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Verdict: 
Exceptional performance and design for anyone who simply enjoys being outside – on two wheels or two feet
Weight: 
279g

The Gore R3 Women Gore-Tex Active Hooded Jacket is a top quality, stylish and functional garment that will keep you dry whatever you are doing outdoors, without causing you to sweat buckets.

  • Pros: Protection from the rain, stylish, lightweight, decent range of colour options
  • Cons: None really, just remember it's not a cycling-specific jacket

The R3 in the name is a clue that this isn't a cycling-specific jacket. In Gore-speak, R is for running, though Gore suggests this jacket is also 'ideal' for hiking, road cycling and mountain biking. It's not designed for pure roadies; rather, it's good for commuters, knock-about-town riders and tourers if you're coming from a cycling perspective. And it's outstanding when used for its designed purpose.

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The Gore-Tex Active fabric is paper-thin with a tactile, matt finish. It washes well following Gore's advice and I haven't used any specially designed products. Although not 'Shakedry' weight, the jacket is still very light and the material moulds and folds to any movement without making any noise. It rolls down pretty small too, so it's a viable option for anyone keen on touring or bikepacking.

Gore jacket rolled.jpg

I've used the jacket on my road bike, mountain bike, while walking and running. It's ticked all the boxes in every circumstance: windproof, waterproof and breathable. Throughout the entire test period I have not experienced any rain penetrating the jacket. And I wasn't sweating within 10 minutes of setting out – in fact, if I got the baselayers right, I didn't sweat at all on my brisk, rainy commutes.

Gore R3 Women Gore-Tex Active Hooded Jacket - riding.jpg

You're unlikely to be performing max-out efforts and intervals while wearing the jacket – it's just not intended for that kind of riding. It is hands down the best waterproof I have ever tested in terms of breathability.

Running in the jacket certainly did see me working up a sweat, but to be fair I'd be doing that without a waterproof on!

> Buyer's Guide: The best casual cycle commuting kit

I found the cut spot on, too, and I'd imagine it will suit many as it is not too tight at any single point. It's a feminine cut but is generous enough to get a few decent layers underneath. This is necessary, too, as although the jacket is windproof, it is not insulated. Don't expect it to keep you warm.

The sleeves are a generous length and can be tightened at the half-elasticated cuff if necessary. There's room for a decent sized glove under them.

Gore R3 Women Gore-Tex Active Hooded Jacket - cuff detail.jpg

While it definitely doesn't lack length in the body, because it isn't designed specifically for cycling there isn't much of a 'tail' to protect your lower back if you do opt to make use of it on a bike without mudguards. The best you can do is tighten the baseline hem to keep as much spray out as possible.

Gore R3 Women Gore-Tex Active Hooded Jacket - back.jpg

The tightening cord is tidily tucked away inside the pockets. You press a toggle that sits inside the hem, pull the elasticated cord as much as you want before releasing the toggle to hold the right tension. It's a great idea to keep the toggle mechanism stitched within the garment so that it doesn't get filled with gritty water and dirt. My only niggle about having the cord in the pocket was that it frequently got tangled up in my bunch of keys.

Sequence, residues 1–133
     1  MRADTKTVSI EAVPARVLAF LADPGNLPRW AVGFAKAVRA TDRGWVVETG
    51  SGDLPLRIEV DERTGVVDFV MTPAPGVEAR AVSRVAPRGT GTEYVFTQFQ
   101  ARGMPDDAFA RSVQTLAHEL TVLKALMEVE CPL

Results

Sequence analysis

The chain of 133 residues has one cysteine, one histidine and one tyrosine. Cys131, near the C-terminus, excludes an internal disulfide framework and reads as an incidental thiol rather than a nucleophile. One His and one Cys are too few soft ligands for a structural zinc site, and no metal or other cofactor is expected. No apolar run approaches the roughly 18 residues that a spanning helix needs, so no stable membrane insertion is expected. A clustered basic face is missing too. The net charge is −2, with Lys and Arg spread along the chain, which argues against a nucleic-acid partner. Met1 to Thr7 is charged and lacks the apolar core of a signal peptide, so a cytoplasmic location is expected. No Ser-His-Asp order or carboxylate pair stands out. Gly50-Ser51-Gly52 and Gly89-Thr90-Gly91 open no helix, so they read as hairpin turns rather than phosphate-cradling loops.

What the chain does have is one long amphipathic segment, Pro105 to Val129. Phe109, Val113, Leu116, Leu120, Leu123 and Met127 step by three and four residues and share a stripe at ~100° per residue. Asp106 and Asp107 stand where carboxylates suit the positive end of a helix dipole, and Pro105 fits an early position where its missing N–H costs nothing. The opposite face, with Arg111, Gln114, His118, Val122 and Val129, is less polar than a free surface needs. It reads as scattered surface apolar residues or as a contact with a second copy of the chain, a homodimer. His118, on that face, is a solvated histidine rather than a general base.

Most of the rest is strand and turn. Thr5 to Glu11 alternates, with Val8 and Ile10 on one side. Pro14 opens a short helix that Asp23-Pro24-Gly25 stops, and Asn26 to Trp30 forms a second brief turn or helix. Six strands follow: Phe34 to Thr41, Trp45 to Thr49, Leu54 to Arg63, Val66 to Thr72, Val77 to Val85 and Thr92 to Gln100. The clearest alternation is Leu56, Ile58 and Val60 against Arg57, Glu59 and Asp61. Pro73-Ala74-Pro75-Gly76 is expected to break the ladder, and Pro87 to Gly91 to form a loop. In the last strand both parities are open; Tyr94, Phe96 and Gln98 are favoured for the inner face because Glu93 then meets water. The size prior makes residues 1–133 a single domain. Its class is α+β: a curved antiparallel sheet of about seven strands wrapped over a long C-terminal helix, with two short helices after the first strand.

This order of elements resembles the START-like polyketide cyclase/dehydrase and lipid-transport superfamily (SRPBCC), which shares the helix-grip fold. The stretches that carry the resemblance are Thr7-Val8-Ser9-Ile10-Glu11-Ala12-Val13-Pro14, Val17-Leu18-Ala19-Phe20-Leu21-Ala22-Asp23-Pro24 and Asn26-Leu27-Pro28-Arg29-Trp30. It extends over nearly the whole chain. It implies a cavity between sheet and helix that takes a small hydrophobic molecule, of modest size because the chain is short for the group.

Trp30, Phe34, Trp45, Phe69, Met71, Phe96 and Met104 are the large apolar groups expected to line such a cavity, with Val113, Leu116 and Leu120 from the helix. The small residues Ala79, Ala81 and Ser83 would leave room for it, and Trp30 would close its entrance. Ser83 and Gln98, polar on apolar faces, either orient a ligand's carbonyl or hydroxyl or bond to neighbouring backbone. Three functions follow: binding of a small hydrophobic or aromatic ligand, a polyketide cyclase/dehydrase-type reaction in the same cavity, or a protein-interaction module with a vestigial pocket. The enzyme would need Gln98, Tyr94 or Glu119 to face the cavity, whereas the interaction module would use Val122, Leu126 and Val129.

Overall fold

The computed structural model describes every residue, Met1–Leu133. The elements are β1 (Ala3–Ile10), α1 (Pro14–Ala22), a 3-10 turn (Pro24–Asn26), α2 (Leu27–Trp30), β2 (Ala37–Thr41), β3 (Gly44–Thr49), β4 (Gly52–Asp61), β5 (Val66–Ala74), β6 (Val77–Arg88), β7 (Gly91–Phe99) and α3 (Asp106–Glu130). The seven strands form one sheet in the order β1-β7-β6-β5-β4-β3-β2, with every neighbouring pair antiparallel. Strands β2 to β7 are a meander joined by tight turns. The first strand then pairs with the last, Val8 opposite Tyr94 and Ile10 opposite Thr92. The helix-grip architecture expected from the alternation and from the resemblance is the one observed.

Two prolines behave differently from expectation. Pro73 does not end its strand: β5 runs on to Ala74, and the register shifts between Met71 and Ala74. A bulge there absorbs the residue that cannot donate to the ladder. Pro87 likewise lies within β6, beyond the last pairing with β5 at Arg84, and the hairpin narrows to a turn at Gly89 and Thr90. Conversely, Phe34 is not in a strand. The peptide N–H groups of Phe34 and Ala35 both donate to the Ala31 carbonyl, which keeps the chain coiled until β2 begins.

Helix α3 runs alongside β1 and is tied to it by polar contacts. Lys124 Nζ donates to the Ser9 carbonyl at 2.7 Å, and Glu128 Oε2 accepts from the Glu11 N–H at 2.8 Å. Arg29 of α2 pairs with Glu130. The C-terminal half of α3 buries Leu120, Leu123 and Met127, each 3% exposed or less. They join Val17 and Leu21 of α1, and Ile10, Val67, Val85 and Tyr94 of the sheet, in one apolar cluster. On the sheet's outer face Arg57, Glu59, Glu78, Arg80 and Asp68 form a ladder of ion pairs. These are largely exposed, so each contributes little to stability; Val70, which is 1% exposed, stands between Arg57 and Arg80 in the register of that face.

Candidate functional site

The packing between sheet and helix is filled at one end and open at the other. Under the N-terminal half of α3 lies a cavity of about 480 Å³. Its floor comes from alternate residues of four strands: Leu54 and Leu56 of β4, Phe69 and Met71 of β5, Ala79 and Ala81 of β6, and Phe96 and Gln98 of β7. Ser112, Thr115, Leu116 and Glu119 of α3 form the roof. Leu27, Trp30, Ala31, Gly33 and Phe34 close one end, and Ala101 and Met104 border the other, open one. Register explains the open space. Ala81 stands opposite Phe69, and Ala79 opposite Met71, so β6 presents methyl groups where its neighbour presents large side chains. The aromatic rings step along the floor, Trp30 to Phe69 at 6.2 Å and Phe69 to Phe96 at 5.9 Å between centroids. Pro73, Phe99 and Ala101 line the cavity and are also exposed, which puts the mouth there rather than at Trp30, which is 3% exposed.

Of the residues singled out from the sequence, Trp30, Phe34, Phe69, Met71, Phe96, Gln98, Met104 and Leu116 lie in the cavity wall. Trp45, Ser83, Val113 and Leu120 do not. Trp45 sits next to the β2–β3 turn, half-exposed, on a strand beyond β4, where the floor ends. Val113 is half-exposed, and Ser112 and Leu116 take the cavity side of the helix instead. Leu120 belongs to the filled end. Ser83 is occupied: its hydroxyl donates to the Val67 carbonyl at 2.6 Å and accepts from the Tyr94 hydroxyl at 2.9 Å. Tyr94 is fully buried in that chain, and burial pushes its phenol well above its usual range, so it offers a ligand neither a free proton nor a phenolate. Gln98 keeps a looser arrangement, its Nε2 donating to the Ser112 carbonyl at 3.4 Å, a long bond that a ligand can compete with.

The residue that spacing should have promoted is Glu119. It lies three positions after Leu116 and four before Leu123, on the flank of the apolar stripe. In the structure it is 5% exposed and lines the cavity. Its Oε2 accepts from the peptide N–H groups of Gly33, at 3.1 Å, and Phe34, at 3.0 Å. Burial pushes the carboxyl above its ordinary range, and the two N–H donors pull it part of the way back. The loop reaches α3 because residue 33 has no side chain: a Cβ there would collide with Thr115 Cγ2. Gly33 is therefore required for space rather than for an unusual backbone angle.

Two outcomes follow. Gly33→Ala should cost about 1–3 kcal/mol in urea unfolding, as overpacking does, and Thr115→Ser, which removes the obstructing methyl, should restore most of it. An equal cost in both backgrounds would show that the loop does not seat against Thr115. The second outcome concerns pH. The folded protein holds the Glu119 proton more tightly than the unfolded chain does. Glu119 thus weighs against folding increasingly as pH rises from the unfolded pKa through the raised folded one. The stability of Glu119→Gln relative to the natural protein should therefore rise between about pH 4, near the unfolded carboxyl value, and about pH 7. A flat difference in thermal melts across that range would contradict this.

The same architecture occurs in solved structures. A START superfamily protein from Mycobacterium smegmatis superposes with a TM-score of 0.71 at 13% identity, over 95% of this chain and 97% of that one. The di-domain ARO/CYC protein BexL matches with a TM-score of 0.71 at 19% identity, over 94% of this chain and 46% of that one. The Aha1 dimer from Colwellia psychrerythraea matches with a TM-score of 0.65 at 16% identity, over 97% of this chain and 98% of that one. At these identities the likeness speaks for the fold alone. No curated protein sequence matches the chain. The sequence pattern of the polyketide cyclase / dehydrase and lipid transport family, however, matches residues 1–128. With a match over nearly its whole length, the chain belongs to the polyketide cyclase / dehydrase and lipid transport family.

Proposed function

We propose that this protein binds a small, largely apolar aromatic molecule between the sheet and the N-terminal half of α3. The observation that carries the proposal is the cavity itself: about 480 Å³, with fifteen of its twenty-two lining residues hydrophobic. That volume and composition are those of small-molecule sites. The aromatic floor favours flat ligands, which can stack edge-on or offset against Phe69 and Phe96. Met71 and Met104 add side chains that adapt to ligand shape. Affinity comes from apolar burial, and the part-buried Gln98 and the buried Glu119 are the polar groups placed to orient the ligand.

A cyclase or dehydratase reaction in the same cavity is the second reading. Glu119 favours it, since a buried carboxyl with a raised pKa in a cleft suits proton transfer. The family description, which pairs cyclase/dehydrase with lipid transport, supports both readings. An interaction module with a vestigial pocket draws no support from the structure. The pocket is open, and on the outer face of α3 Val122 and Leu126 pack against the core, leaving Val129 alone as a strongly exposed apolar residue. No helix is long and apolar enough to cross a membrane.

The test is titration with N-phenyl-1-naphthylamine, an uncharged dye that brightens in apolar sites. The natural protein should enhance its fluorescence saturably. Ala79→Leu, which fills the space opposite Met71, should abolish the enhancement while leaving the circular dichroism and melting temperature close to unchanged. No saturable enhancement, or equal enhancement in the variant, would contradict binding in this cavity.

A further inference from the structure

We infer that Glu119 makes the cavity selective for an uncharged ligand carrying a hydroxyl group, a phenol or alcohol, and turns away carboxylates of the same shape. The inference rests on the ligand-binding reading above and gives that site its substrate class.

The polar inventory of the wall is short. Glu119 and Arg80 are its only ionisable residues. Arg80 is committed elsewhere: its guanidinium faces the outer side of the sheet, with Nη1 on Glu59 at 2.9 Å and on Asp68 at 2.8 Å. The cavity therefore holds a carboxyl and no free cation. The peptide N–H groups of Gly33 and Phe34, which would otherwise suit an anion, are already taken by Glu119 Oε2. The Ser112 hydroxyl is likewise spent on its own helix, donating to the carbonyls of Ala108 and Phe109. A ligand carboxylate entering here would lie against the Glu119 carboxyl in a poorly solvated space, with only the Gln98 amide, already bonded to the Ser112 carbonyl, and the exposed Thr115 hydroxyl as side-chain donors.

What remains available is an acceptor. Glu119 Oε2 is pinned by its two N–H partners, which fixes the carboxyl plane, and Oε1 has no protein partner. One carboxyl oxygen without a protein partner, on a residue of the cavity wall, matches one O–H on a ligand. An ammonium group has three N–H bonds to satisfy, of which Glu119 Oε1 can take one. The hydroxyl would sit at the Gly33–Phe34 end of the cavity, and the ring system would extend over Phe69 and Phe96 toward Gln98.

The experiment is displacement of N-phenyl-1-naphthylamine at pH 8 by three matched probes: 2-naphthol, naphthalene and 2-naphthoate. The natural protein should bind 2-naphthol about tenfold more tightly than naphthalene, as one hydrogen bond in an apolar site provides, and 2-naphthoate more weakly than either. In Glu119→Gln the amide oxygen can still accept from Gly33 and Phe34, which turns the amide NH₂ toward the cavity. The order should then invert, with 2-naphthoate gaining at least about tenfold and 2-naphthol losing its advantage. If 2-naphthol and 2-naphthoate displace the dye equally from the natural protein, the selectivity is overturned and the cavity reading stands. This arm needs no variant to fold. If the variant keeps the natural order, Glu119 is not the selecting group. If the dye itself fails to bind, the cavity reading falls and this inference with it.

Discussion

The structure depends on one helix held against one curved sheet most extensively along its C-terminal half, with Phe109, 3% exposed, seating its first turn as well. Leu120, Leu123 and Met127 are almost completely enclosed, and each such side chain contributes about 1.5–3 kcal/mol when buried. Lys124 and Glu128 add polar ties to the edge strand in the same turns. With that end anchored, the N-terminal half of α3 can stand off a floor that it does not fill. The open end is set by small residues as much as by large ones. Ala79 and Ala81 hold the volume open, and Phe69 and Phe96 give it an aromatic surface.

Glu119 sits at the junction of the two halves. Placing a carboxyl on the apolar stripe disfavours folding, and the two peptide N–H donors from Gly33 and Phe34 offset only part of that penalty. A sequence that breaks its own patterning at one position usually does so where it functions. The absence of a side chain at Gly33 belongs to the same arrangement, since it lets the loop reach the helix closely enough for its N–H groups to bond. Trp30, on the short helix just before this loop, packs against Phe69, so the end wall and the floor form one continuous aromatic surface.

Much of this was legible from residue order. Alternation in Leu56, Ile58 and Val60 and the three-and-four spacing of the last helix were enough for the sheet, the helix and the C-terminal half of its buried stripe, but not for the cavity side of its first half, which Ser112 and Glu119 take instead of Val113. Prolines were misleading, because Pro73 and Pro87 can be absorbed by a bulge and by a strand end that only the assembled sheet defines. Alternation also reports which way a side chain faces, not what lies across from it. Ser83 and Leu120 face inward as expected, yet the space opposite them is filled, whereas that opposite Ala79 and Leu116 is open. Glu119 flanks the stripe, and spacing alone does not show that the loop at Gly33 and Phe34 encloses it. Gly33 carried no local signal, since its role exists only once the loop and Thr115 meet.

Gore R3 Women Gore-Tex Active Hooded Jacket - toggle.jpg

Gore has used a soft, velvet-like material for the one bit of the jacket that is guaranteed to come into contact with your skin – the collar. I found the collar height just right – any more and it would have been irritating. There is a good 10cm of casing for the zip at the collar, too: however much you choose to zip it up, your neck will be protected from the zip itself. Most of the time I had it fully zipped up – it really helps to keep cold air out.

Gore R3 Women Gore-Tex Active Hooded Jacket - collar.jpg

While I am not always a fan of a hood on a waterproof – they can be oversized and make you feel shut off from the world – I didn't find this one too imposing, even on the bike. When walking, I frequently had it up and found that a woolly hat fitted well under it – in fact, I found it was better with one because it used up the slight excess space (I have a small head!).

Gore R3 Women Gore-Tex Active Hooded Jacket - hood side.jpg

On the bike, it sits under the helmet and, depending on your head size, might need a bit of adjusting so that there is absolutely no obscuring of vision. An elasticated cord running round its edge makes it easy to adjust once up: tighten it and pull it through a gently serrated split in a toggle to hold it in place. It's easy to use and extremely effective. I quickly realised that if I wasn't using the hood it was worth pulling the cord tight as it forced the edge of the hood to sit plush against the collar – no chance of water getting in.

Gore R3 Women Gore-Tex Active Hooded Jacket - hood down back.jpg

Two lateral pockets are a good size with a decent opening. I had no problem fitting in a 6 x 3in smartphone and zipping them up. The tabs on these zips, and the main zip, is a grippy strip of silicone which makes grabbing it with a glove on really easy.

Gore R3 Women Gore-Tex Active Hooded Jacket - pockets.jpg

The Active Hooded Jacket is available from XS to XL in a range of six colours, four of which are really vibrant so if visibility is a priority you have a good choice. It has reflective detailing on the forearms and reflective logos in a few places including the tail.